An interview on the Amazon blog

Author and environment activist Kiran Manral shares her fears on the climate crisis

Award-winning writer and environment activist, Kiran Manral, joins us for an honest discussion on the terrifying climate crisis, the importance of reading and her upcoming projects.
Kiran Manral

Kiran Manral

A journalist, a TEDx speaker, an entrepreneur, a researcher, an environmental activist – the feathers are unending on Kiran Manral’s cap. Ahead of Prime Day, we sat down with Ms. Manral for a heart to heart on many of her upcoming projects.

As a recipient of several awards such as the Women Achievers Award by Young Environmentalists Association and the recognition from Ministry of Women and Child Welfare, GoI, for excellence in the field of writing, Ms. Manral is no stranger to the spotlight. So when the spotlight was on her ahead of Prime Day, she chose to raise her voice for an issue that is critical to our entire generation.

Ms. Manral’s upcoming project revolves around climate change and pollution, which are two pressing issues of the modern day world and also happen to be her interest areas. As scientists estimate our inevitable doom inching closer day by day, we are now more than ever required to dwell on the impact we have in our daily lives on the environment. Ms. Manral says that she has written a few dystopian short fiction pieces which are based on the climate crisis, along with a series of reports on how pollution is impacting our health.

I worry about us, on this planet. I can see, year on year, how things are changing, how we are slowly tipping over. And I worry for our children.

Kiran Manral

An ardent lover of fiction, Ms. Manral says that “reading fiction helps you develop imagination, empathy, allows you to time travel, and live other lives”. She also dwells on the importance of non-fiction reading, which helps one widen their knowledge and assists in developing analytical skills. But above all, Ms. Manral takes joy in how “reading gives you words to put your thoughts into even when you speak or write”.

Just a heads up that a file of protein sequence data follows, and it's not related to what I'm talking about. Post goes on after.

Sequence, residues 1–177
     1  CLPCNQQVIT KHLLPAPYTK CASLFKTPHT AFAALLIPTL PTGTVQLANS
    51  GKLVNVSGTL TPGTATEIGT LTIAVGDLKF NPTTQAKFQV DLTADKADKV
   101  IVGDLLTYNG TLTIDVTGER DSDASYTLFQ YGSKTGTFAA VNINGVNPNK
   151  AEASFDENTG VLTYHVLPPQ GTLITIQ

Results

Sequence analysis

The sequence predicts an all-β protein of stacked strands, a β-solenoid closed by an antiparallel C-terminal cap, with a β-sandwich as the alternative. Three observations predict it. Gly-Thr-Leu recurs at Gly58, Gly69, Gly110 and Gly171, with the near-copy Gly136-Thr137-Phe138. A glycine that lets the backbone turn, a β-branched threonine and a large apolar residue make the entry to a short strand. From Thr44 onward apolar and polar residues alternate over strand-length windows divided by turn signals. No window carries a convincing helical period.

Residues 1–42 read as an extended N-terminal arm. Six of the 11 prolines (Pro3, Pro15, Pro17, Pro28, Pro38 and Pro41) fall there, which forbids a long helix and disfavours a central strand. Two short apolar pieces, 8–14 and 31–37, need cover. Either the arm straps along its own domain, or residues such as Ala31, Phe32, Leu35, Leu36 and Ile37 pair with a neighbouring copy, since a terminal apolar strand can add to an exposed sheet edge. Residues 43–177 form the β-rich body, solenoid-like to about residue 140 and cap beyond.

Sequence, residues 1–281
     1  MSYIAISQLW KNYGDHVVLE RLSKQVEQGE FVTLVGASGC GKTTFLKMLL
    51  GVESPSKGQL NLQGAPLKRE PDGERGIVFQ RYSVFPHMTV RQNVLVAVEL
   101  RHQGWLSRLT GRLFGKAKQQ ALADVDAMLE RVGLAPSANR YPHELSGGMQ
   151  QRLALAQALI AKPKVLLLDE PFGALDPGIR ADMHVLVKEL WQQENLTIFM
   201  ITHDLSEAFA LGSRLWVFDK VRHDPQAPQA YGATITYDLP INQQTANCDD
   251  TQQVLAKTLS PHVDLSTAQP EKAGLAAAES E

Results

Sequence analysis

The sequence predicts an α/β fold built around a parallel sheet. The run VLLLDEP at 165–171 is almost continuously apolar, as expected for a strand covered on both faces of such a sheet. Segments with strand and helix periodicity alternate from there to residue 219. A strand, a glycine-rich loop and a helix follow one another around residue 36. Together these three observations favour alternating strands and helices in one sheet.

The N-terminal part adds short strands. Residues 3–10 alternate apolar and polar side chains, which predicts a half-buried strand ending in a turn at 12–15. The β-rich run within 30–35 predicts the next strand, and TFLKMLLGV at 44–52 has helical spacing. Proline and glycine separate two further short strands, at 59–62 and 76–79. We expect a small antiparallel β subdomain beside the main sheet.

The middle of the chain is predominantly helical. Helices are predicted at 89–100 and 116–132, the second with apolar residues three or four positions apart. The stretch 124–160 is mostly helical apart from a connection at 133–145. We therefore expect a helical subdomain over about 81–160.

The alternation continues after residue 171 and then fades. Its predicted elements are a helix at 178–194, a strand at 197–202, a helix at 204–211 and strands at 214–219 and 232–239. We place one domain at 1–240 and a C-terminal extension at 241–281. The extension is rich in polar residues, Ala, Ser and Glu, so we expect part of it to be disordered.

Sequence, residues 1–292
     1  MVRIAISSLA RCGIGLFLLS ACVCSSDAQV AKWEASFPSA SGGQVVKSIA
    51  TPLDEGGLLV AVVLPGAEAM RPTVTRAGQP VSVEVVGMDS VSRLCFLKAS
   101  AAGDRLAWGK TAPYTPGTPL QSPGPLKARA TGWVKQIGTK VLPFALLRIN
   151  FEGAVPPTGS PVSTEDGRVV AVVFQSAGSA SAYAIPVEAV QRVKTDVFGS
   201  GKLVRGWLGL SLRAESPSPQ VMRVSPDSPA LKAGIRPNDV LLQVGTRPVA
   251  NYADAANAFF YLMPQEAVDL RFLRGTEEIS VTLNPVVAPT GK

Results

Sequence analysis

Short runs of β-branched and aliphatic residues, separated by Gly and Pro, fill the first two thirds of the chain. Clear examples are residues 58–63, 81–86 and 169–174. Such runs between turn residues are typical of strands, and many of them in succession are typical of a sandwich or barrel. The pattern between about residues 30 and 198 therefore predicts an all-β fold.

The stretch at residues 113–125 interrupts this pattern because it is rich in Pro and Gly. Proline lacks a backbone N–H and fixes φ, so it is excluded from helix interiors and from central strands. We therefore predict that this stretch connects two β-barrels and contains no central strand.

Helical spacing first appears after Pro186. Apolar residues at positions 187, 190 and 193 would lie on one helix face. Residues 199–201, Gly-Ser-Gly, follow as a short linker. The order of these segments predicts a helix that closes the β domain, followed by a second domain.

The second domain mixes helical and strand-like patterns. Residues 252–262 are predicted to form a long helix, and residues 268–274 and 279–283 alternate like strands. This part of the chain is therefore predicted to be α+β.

An award-winning writer herself, Ms Manral outlines the editor’s role in making sense of her ramblings and says how she is thankful to editors for deriving coherent sense out of long pieces at times. We are happy to have Ms. Manral’s writing as part of the Prime Reading program, and would recommend our readers to read her work Raising Kids with Hope and Wonder in Times of a Pandemic and Climate Change.

Read the original here
Thanks to Karthik Venkatesh and Deepthi Talwar, my wonderful editors at Amazon Westland

New E-Book announcement: Raising Kids with Hope and Wonder in Times of a Pandemic and Climate Change

Thanks to the offspring for all his questions during the pandemic which led to this e-book. Gratitude to my fab editors at Westland Books, Karthik Venkatesh and Deepthi Talwar for seeing this one through. On @amazonIN Prime Day on @KindleIndia.
Link here:



Quoted in the Juggernaut Books blog

With Andaleeb Wajid, Sahana Ahmed, Debeshi Gooptu and Liji Narayan.


Match-making: yay or nay?

Kiran Manral, author of the ‘True Love Story’ series and several bestsellers, had ‘proposals’ coming her way while she was in college in her teens.

kiran manralI was completely disinterested in getting married. The one ‘meeting’ a family friend set up I think I completely went against the grain of what was expected of me by being upfront that I hated cooking and would never get into the kitchen and that I was agnostic and didn’t believe in ritual. That was that. Fell in love, got married six years down the line. I think there is immense bravery in those who agree to an arranged marriage, and I admire them. I understand the convenience of getting married to someone who comes from a similar background, culture, etc, so the period of adjusting to life post marriage becomes easier. Having said that, I wouldn’t have it any other way and have instructed my son to please find his own spouse, I’m not going to be hunting one down for him.”